Many of us celebrate the holidays with unique foods that have been passed down for generations – we may serve them at a special occasion or on special days of the season. That’s the case for our founder, Rhonda Lauritzen. Her family has biscuits and gravy on Christmas morning. Now that her extended family has grown, there are pockets of extended family enjoying biscuits and gravy all over the place on Christmas Day. For years, she thought this tradition came from her dad, but discovered recently it came from her mom’s side of the family who came from the deep south. Aah, biscuits and gravy, south. Makes sense. In my family it’s all about the olikooken. It’s a dutch donut that all factions of my extended family make at Christmastime to celebrate our dutch heritage. My Great-Grandma Kap immigrated here from Holland in the early 1900s and the family recipe has been a popular one. I love walking into my mom’s house on Christmas Eve and smelling the fried spiced donuts with raisins and currents still warm in a bowl just ready for eating. We also make them on the night we decorate the tree and I make them in my own home too for the same occasions. It’s another treat that only goes out to close friends and family because they are special – they are our heritage. And the recipe? Don’t even ask. No one ever said it is a family secret, but no one is giving that baby out to anyone besides family.
3. Holiday food traditions unite family and friends in a very unique, uplifting way.
What’s better than family and friends coming together to eat something delicious that you’ve eaten together for years? Sometimes the unitedness comes in the preparations, sometimes it comes in the eating of the food and sometimes it proves to be a catalyst to bring new friends and family into the fold. My dear friend Jenni Kozak makes “Santa Claus punch” for her holiday table every year. While the tradition is fairly new, starting with her parents, it brings warm memories of her father, Monte. He used to make the punch, which is a frappe, and he was the neighborhood Santa at many local events, which is why he coined the name, “Santa Claus punch.”
“It’s a mixture of cran-raspberry drink, sprite, vanilla ice cream and raspberry sherbet. It’s delish!!! My dad passed away 10 years ago just a couple of weeks before Christmas. This tradition now holds very sentimental meaning. As we mix it up each year, we talk about my dad and what a wonderful man he was,” Jenni said.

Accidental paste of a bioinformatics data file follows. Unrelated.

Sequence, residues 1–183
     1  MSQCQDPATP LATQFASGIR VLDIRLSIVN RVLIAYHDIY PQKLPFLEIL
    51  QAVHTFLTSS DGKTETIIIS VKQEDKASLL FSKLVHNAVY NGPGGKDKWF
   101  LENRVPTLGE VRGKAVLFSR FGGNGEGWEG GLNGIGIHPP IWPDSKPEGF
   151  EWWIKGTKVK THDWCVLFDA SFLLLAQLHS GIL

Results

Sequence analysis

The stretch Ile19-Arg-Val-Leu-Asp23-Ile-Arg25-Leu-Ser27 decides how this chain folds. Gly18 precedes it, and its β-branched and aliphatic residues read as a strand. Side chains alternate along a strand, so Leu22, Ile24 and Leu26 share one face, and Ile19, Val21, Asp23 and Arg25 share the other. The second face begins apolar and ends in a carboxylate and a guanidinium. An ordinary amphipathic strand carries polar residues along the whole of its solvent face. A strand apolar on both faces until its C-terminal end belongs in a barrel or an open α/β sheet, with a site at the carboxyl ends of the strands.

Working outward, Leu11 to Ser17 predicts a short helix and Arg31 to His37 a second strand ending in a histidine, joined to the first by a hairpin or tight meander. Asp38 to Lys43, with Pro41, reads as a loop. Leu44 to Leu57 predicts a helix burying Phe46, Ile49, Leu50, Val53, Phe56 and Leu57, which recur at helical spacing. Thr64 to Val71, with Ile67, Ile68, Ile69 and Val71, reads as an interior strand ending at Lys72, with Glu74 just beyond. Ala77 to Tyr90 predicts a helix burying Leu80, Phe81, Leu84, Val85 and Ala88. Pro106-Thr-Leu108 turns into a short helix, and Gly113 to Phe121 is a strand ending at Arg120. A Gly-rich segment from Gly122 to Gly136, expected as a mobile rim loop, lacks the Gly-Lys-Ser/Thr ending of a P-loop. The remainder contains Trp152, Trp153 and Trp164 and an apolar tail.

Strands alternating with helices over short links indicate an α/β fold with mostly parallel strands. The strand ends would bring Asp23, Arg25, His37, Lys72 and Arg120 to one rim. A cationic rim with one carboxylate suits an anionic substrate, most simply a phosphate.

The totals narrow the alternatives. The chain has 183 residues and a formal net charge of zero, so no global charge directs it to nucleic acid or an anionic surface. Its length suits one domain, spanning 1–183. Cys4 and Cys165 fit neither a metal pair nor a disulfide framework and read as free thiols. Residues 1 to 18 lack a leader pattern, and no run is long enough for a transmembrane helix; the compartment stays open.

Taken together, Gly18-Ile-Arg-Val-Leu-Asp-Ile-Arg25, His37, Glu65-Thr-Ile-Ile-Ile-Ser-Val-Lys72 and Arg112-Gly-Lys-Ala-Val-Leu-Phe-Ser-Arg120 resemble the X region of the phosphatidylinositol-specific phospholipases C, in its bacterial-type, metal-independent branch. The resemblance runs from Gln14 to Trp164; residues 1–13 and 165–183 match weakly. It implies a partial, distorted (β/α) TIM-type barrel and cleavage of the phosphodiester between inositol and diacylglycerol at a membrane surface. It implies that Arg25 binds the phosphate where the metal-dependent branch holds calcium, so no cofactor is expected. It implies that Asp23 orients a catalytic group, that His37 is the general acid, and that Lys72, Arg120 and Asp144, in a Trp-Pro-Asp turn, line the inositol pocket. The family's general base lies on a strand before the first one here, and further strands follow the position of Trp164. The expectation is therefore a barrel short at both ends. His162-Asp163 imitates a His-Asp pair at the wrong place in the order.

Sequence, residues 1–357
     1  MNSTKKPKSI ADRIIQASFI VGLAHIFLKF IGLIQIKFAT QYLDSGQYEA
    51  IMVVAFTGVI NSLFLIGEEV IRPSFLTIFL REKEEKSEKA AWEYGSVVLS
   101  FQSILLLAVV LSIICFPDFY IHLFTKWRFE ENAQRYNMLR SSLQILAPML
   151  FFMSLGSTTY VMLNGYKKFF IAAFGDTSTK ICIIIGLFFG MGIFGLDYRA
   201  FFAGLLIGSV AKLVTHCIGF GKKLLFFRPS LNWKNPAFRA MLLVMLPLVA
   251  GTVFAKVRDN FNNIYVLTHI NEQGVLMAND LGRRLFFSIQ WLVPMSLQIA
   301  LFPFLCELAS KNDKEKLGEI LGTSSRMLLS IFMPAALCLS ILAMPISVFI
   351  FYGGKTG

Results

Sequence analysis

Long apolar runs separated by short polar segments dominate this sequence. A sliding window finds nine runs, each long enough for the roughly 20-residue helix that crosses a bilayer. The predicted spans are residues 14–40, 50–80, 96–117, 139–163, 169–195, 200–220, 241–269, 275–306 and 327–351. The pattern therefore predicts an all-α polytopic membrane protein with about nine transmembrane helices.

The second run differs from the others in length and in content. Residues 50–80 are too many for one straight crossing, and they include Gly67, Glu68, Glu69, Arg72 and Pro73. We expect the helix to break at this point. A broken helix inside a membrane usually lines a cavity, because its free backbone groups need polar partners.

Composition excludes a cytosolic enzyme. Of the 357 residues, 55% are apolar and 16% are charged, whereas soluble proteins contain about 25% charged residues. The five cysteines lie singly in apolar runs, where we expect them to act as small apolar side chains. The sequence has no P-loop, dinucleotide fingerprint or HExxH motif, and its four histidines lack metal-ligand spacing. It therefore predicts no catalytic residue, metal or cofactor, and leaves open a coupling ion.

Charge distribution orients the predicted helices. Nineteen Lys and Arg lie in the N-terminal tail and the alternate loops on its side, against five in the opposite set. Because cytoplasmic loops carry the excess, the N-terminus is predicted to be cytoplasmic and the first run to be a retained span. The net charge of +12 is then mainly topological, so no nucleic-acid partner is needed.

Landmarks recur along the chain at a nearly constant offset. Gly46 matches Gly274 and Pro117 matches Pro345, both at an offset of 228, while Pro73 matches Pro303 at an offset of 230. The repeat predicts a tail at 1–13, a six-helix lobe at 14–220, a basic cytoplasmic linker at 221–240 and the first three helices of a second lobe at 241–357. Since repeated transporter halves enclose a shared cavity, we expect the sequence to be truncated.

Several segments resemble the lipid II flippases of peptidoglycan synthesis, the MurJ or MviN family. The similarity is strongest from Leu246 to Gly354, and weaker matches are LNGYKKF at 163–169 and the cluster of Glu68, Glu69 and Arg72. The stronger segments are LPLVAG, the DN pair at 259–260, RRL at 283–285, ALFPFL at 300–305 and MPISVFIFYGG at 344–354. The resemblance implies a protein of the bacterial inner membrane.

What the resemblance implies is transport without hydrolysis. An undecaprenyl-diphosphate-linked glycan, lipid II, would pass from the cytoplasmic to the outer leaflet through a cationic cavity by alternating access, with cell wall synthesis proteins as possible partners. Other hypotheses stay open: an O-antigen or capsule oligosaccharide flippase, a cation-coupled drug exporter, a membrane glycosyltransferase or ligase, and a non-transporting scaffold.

This also rings true in my family with a fabulous holiday food tradition of making tortellini from scratch – a tradition and skill that my Aunt Penny shared with our family that she learned about while living in Europe. I plan to blog more about the whole tradition in a later blog, but it is a tradition that I did every year growing up, and then after I got married we dropped the tradition for a few years. But me, being a constant lover of tradition and ritual, revived it and I have no regrets about it. While my extended family is too big to get together and eat tortellini on Christmas Eve, I take great pleasure in knowing that we are all eating it in one way or another on Christmas Eve somewhere in the world and talking about those years of togetherness in our own families.
What are your food traditions?
Do they fall into these three categories? We would love to hear about them…include recipes if they aren’t family secrets! Plus, use this as a catalyst to write down your memories, holiday food traditions or special thoughts about the holidays. You won’t regret it! I hope as you’ve read this post, your own traditions are bringing a smile to your face and that you are ready to write or record your cherished holiday food family stories.
Rachel J. Trotter is a writer at Evalogue.Life, where we tell personal and family stories that inspire, and help you tell yours. She has worked as a writer since her college days over 20 years ago. She loves telling people’s stories. She lives in Ogden, Utah and is busy raising six children and loves working on family history alongside her husband, Mat.